Itching like crazy? How to treat a rash

May 19, 2022 | by Julie Lopatka, M.D.
Categories: Healthy Driven Life

It’s almost inevitable that time spent outdoors in the summer will result in someone coming home with a rash.

Poison ivy is a common culprit, causing an allergic reaction that results in a blistery, itchy red rash on nearly everyone who unwittingly encounters it. A poison ivy rash usually happens 24-72 hours after exposure to an oily coating on certain plants.

The poison ivy rash is a form of contact dermatitis, which is caused by direct contact with an irritating substance or a substance that causes an allergic reaction. Allergic dermatitis can prompt an itchy rash with blisters or bumps. Common causes of allergic dermatitis include nickel (found in jewelry, metal hooks or buttons on clothing), poison ivy or latex.

Other common skin rashes include:

  • Heat rash. As the name implies, this type of rash is more common in hot, humid weather and occurs when the flow of sweat is obstructed — often due to hot weather or overdressing. You may experience prickly heat, small red bumps that have a stinging or pricking sensation, or clear, fluid-filled bumps on your skin. These types of rashes will often disappear when the skin cools. A cool compress or bath may help as well. You can avoid this type of rash by wearing loose-fitting clothing and avoiding excessive heat or humidity.
  • Intertrigo. This type of skin rash is caused by skin-to-skin contact, often in warm, moist areas of the body (such as in the folds of the skin of the abdomen, in the groin area, under the breasts or between the toes). Intertrigo causes inflammation of the skin and may cause the affected area to be painful. Wearing loose-fitting clothing and using powder to help keep the area dry may help. Intertrigo can also cause a bacterial or fungal infection in the affected area. If this happens, you may need medication.
    Depending on the cause, the appearance of the rash can vary. Some rashes are dry and itchy, others are blotchy or form large hives.

Over-the-counter hydrocortisone cream will usually ease symptoms of rashes caused by allergies, such as poison ivy or poison oak. Sometimes, a poison ivy outbreak can require further medical attention.

See your primary care doctor if your rash comes with:

  • Joint pain
  • A sore throat
  • A fever slightly above 100.4°F (38°C). Fevers with a rash could indicate a disease such as measles, shingles or scarlet fever.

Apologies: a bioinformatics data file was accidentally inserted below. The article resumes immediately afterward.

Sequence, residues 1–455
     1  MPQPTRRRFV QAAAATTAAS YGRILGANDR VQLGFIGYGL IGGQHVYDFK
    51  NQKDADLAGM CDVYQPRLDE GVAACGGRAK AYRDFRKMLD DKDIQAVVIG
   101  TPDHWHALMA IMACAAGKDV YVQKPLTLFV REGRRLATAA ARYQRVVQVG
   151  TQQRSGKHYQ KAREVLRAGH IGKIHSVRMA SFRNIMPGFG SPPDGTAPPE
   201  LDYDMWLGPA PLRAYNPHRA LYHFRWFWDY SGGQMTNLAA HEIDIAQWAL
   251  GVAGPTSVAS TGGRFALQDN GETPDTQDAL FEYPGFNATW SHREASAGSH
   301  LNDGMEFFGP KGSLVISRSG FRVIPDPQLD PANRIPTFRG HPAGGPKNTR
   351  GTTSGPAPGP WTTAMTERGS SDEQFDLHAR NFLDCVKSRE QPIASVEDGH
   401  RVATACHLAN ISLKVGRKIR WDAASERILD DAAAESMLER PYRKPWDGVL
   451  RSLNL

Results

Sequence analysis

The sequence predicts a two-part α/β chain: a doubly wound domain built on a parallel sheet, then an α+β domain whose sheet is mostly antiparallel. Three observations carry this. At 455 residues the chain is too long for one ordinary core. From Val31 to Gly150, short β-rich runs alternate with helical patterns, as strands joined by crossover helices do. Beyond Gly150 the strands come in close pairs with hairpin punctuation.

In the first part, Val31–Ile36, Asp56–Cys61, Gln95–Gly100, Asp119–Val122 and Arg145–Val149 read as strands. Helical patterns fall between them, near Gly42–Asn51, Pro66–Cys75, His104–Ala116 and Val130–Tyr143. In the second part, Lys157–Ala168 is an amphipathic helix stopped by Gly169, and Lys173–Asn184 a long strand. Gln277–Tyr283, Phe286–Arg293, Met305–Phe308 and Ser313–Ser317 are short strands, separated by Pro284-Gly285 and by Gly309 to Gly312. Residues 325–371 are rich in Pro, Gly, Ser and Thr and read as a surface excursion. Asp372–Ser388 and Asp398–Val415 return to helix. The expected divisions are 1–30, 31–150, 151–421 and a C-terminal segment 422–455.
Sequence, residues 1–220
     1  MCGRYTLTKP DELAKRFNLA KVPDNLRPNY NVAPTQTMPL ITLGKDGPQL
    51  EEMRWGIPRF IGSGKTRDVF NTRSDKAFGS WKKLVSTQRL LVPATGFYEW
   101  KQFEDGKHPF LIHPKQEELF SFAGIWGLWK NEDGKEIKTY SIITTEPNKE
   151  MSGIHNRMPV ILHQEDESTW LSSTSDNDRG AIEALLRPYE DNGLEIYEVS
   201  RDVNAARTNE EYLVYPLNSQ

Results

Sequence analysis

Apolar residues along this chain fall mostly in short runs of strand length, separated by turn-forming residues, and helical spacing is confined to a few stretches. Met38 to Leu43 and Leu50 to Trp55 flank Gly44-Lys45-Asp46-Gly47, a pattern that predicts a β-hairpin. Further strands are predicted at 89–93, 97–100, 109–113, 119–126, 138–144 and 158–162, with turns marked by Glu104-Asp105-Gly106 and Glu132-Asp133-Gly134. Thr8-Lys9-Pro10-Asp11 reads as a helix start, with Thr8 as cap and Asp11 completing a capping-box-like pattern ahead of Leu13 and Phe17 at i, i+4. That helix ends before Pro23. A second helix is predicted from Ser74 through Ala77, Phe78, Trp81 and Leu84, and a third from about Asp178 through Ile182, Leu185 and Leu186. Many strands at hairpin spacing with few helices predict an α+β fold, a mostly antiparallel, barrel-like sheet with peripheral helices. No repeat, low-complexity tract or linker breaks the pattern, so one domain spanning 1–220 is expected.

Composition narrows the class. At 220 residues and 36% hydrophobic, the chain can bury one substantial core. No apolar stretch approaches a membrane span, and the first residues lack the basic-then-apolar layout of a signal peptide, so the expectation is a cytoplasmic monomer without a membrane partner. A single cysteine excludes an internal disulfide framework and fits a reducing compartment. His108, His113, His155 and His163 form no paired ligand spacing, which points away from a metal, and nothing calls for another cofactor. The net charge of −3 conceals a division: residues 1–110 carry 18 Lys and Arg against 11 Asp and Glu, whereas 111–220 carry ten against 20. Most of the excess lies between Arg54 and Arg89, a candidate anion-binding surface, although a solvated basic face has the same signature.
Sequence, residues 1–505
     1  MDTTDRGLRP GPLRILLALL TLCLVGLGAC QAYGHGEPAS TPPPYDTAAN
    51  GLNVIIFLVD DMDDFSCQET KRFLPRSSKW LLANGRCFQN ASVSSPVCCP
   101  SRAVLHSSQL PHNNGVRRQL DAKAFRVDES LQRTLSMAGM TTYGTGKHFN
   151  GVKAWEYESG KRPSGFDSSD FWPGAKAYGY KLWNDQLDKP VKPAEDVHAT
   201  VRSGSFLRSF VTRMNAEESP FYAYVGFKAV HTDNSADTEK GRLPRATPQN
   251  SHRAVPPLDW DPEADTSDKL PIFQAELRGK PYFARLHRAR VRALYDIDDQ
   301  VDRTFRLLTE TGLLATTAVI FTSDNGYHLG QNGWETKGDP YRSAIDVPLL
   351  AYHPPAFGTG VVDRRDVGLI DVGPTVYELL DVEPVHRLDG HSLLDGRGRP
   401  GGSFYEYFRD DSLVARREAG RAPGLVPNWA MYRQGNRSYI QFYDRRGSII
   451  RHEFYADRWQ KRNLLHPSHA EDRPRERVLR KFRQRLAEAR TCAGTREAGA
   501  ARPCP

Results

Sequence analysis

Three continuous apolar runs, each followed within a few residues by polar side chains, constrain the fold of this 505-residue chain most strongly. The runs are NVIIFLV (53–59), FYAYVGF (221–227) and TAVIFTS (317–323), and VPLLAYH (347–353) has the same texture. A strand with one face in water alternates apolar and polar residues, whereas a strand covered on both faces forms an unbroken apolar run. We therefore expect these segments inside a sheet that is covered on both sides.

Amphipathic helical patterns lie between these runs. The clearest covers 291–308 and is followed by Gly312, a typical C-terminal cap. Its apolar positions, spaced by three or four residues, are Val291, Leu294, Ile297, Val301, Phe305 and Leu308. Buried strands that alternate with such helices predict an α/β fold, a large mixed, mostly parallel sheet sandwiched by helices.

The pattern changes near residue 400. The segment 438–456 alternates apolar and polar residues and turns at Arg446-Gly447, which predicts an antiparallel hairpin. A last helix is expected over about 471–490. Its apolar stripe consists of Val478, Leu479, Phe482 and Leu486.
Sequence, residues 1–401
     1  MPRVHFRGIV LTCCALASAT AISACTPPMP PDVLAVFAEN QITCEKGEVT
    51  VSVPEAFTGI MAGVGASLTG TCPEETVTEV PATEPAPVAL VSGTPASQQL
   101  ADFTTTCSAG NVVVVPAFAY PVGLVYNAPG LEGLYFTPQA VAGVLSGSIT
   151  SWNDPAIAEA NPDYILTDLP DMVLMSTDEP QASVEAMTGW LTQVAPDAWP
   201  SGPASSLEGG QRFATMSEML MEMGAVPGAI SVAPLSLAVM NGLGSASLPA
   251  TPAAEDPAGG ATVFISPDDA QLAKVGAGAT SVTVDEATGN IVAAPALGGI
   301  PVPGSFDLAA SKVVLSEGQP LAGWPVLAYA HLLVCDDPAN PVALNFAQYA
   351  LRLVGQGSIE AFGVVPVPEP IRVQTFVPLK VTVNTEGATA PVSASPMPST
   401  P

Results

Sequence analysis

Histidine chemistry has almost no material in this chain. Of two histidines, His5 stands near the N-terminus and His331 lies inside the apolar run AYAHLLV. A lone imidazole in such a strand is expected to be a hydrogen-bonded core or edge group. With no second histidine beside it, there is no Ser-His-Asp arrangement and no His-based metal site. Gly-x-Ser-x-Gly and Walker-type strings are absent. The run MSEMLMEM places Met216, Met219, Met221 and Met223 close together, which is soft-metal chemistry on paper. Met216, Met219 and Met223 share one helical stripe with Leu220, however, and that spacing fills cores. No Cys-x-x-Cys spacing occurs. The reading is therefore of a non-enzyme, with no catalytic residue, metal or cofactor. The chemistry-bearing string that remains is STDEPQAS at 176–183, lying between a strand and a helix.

• Red streaks or tender areas near the rash
  • A recent tick bite or other insect bite. Ticks can transmit Lyme disease, which can cause a bullseye-shaped rash, among other symptoms.
  • Swelling of the tongue and/or lips, vomiting or trouble breathing. This can indicate a severe, life-threatening allergic reaction and requires immediate medical attention.

Also see a doctor if:

  • The rash hurts.
  • The rash is all over your body.
  • The rash appears suddenly and spreads quickly. This can happen with a severe allergic reaction, which requires immediate medical attention.
  • The rash becomes infected.
  • The rash doesn’t appear to be improving within 48 hours.

In the meantime, be gentle with your skin when you have a rash:

  • Use mild cleansers and avoid scented bar soap.
  • Wash with lukewarm water, not hot water, which can be drying.
  • Pat the rash dry, don’t rub.
  • Don’t cover the rash with gauze or clothing.
  • Stop using makeup or lotion that may have triggered the rash.
  • Try not to scratch the rash. Scratching could make it worse and could lead to infection.
  • Apply an over-the-counter hydrocortisone cream to the rash if it’s itchy. Calamine lotion can also help relieve rashes from chickenpox, poison ivy or poison oak.

Rashes are some of the most annoying symptoms we deal with, but the right medical care will have you comfortable in your own skin in no time.

Julie Lopatka, M.D., is a pediatrician with Elmhurst Clinic. View her profile and schedule an appointment online.

We were there for that and we’re here for everything else. At Edward-Elmhurst Medical Groups, with providers in 30 specialties from pediatrics to orthopedics to internal medicine, we believe that better relationships lead to better care. Here, it’s personal. Because we take the time to get to know you. Find the perfect doctor.


7 ways your heart benefits from exercise

Learn seven heart-healthy reasons why regular cardiovascular work belongs in your exercise plan.

Read More

HD Life ramsay hunt syndrome

What is Ramsay Hunt syndrome?

And what happened to Justin Bieber’s face?

Read More

HDMoms juvenilearthritiscrop

7 things to know about childhood arthritis

Juvenile arthritis is an umbrella term for inflammatory and rheumatic diseases that develop in children under 16.

Read More